Nevertheless, the Former Trustee insists that the “voluntary cessation” exception to the mootness doctrine applies because the Debtors may convert their filing back to Chapter 7 at some point in the future and then revive their now-abandoned homestead exemption. The court “view[s] this possibility as too conjectural and speculative to avoid a finding of mootness.” Jones v. Temmer, 57 F.3d 921, 923 (10th Cir. 1995) (citing Anderson v. Green, 513 U.S. 557, 559, 115 S.Ct. 1059 (1995) (per curiam)); see also Halls v. Beals, 396 U.S. 45, 49-50, 90 S.Ct. 200 (1969) (refusing to address substantive issues in a moot action where only “speculative contingencies” might revive the controversy).

         More fundamentally, the concept of “voluntary cessation” seems wholly inapplicable to the Debtors' exercise of their statutory right to request specific exemptions under the Bankruptcy Code. While it is true that “voluntary cessation of challenged conduct does not ordinarily render a case moot[, ]” Knox v. Serv. Emps. Int'l Union, Local 1000, 132 S.Ct. 2277, 2287 (2012), that general rule “traces to the principle that a party should not be able to evade judicial review, or to defeat a judgment by temporarily altering questionable behavior[, ]” City News & Novelty, Inc. v. City of Waukesha, 531 U.S. 278, 284 n.1, 121 S.Ct. 743 (2001). Here, the Debtors cannot “evade judicial review” or “defeat a judgment” because even if they manage to revive their claim for a homestead exemption, the Former Trustee will have a concomitant opportunity to object. Having disclaimed their pursuit of a homestead exemption by amendment of their Schedule C, the Debtors would be required to newly amend their Schedule C in order to pursue the exemption again. See Fed. R. Bankr. P. 1009(a) (providing for amendment of lists and schedules). Under Rule 4003(b)(1), the Former Trustee would then have “30 days after [the] amendment to the list [of property claimed as exempt] or supplemental schedules is filed” to raise an objection to this new claim for a homestead exemption. See Id. 4003(b)(1); In re Kazi, 985 F.2d 318, 323 (7th Cir. 1993) (explaining that Rule 4003(b) does not permit new objections to unamended exemption claims, but does permit objections to exemption claims that are actually amended in a new schedule). Thus, should the Debtors attempt to reclaim their now-abandoned homestead exemption, the Former Trustee would be permitted to object and, should the bankruptcy court overrule the objection, he may again appeal.

         In sum, the appeal is moot and, as a result, the court lacks subject matter jurisdiction. See Rio Grande Silvery Minnow v. Bureau of Reclamation, 601 F.3d 1096, 1121 (10th Cir. 2010) (“Under the constitutional-mootness doctrine, a federal court has jurisdiction over only ‘cases' and ‘controversies.'” (quoting U.S. Const. art. III, § 2, cl. 1)). The appeal must therefore be dismissed. Nevertheless, “it is frequently appropriate for an appellate court to vacate the judgment below when mootness results from happenstance or the actions of the prevailing party.” Wyoming v. U.S. Dep't of Agric., 414 F.3d 1207, 1213 (10th Cir. 2005) (citing Arizonans for Official English v. Arizona, 520 U.S. 43, 71-72, 117 S.Ct. 1055 (1997)). “Vacatur is an equitable remedy[, ]” id., and the court believes the equities in this case weigh in favor of vacating the Bankruptcy Court's ruling on the Former Trustee's objection to the homestead exemption. Vacatur will not unduly advantage the Former Trustee, nor harm Debtors, but will “clear[] the path for future relitigation of the issues between the parties” should the need arise. See United States v. Munsingwear, Inc., 340 U.S. 36, 40, 71 S.Ct. 104 (1950); id. (“[Vacatur] is commonly utilized in precisely this situation to prevent a judgment, unreviewable because of mootness, from spawning any legal consequences.”). This court, exercising appellate jurisdiction in the bankruptcy context, see 28 U.S.C. § 158(a); Lavenhar v. First Am. Title Ins. Co. (In re Lavenhar), 808 F.3d 794, 798 (10th Cir. 2015) (recognizing appellate role of district courts in bankruptcy appeals), will therefore vacate the original order under 28 U.S.C. § 2106 (granting federal courts exercising appellate jurisdiction authority to vacate lower court orders).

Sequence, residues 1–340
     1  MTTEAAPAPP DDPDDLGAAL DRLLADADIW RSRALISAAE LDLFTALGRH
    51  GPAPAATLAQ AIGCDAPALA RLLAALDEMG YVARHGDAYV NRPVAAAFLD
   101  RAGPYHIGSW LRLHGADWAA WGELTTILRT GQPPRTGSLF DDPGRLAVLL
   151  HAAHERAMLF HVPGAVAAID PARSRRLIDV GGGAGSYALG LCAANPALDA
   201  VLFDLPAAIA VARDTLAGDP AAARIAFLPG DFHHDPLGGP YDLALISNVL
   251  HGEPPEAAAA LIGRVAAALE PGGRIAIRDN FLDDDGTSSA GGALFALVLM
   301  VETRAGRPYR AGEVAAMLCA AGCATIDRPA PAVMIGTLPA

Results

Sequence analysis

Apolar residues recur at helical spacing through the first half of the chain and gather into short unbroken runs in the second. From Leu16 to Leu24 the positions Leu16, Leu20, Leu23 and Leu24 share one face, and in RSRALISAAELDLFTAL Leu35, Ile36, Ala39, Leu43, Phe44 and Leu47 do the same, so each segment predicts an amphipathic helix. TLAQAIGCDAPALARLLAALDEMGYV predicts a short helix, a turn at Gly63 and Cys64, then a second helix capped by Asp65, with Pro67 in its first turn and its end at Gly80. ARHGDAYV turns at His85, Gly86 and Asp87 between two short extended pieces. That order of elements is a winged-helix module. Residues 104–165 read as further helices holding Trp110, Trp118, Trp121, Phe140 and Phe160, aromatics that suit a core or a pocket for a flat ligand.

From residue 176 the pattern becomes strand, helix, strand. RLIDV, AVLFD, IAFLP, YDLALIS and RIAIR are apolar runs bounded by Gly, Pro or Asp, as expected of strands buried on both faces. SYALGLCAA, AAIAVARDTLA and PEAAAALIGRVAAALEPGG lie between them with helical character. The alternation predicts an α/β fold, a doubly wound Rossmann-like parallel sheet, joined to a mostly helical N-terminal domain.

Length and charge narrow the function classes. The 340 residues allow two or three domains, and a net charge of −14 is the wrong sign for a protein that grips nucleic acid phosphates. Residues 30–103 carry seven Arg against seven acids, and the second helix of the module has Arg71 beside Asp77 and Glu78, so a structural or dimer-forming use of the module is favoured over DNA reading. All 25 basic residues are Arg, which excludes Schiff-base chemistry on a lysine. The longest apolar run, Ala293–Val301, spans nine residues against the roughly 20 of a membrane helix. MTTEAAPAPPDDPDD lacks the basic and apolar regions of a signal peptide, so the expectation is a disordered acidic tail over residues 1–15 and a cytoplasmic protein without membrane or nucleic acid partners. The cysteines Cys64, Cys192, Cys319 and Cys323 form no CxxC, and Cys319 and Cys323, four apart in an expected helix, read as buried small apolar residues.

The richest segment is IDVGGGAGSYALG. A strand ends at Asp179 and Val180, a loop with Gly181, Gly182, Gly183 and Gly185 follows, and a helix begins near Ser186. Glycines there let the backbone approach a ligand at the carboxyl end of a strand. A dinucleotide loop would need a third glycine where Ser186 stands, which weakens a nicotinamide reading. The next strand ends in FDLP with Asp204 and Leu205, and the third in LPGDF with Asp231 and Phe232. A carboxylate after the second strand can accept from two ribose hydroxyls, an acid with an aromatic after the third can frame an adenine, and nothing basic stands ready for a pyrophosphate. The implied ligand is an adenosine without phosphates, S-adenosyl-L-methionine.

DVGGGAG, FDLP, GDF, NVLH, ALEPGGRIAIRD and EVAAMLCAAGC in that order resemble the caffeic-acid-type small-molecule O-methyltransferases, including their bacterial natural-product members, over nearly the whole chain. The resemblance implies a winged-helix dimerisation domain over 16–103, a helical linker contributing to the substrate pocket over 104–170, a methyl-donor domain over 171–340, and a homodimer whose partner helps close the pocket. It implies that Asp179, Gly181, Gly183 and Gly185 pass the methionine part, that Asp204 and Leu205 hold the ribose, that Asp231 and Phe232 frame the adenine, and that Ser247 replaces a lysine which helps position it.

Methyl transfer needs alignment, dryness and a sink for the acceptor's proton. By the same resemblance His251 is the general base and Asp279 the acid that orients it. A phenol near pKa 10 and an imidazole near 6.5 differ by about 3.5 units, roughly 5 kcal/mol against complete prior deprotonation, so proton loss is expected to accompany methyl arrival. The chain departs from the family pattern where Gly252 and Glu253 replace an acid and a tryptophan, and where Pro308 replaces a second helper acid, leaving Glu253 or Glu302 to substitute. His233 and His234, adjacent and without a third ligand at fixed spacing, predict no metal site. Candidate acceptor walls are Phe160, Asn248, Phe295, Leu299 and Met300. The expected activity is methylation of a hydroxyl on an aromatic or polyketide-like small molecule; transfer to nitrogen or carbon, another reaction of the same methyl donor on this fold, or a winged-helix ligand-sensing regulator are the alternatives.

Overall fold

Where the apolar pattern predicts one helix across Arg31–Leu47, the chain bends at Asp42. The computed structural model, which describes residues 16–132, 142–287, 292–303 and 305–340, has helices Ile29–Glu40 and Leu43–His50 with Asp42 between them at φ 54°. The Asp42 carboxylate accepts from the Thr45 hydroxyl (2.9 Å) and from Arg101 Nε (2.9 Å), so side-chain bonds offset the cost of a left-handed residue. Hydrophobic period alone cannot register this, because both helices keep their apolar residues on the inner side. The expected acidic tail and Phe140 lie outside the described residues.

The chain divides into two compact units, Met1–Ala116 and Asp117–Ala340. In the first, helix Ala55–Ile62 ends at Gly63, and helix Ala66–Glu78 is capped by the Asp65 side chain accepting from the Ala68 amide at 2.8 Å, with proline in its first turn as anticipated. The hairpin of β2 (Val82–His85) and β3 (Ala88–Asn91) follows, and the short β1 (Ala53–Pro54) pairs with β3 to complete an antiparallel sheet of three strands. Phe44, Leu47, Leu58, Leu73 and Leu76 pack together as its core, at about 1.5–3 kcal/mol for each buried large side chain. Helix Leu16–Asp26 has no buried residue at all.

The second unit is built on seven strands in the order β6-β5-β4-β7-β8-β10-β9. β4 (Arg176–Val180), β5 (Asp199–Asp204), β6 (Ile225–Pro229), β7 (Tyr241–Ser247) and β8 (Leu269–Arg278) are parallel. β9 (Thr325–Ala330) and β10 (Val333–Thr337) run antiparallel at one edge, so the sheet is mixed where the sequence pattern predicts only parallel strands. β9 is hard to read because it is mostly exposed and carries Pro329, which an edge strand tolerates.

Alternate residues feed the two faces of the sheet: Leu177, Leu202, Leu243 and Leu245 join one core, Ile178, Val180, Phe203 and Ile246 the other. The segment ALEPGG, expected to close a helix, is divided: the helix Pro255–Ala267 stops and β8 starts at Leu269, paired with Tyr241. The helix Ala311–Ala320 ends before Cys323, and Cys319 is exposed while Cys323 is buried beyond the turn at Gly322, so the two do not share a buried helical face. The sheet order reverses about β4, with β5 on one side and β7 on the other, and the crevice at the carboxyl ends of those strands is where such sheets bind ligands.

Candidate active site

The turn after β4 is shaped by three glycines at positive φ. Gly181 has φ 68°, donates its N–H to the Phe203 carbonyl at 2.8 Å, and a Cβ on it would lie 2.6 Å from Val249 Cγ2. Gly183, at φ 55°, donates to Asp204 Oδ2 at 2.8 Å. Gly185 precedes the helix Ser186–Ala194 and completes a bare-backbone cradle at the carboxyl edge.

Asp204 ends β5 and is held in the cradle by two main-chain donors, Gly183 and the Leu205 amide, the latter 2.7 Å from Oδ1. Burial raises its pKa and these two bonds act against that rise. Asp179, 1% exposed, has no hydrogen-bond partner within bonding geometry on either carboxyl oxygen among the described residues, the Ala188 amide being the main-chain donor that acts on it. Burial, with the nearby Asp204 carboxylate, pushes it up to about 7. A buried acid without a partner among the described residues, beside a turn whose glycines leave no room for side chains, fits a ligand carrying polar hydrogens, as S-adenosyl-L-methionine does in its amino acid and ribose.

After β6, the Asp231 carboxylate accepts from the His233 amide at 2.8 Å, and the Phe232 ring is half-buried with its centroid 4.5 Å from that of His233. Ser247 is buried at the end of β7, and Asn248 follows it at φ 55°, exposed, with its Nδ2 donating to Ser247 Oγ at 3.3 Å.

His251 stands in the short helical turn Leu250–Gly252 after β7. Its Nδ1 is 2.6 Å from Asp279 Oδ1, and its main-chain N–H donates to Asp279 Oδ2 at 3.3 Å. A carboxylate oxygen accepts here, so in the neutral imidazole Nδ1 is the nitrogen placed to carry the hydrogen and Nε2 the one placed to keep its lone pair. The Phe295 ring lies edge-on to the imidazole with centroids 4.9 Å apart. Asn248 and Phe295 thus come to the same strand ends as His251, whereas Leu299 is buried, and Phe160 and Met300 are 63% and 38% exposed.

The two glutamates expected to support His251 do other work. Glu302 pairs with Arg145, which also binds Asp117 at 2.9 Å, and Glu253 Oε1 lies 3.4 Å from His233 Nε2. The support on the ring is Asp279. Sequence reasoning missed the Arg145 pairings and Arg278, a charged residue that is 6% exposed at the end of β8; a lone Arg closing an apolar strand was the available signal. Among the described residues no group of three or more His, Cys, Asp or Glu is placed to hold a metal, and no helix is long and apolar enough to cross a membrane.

CONCLUSION

         Based on the foregoing, the court concludes that it lacks subject matter jurisdiction over this appeal because it is moot. The Debtors' motion to dismiss is therefore GRANTED. Accordingly, the above-captioned appeal is DISMISSED without prejudice and the order of the Bankruptcy Court overruling ...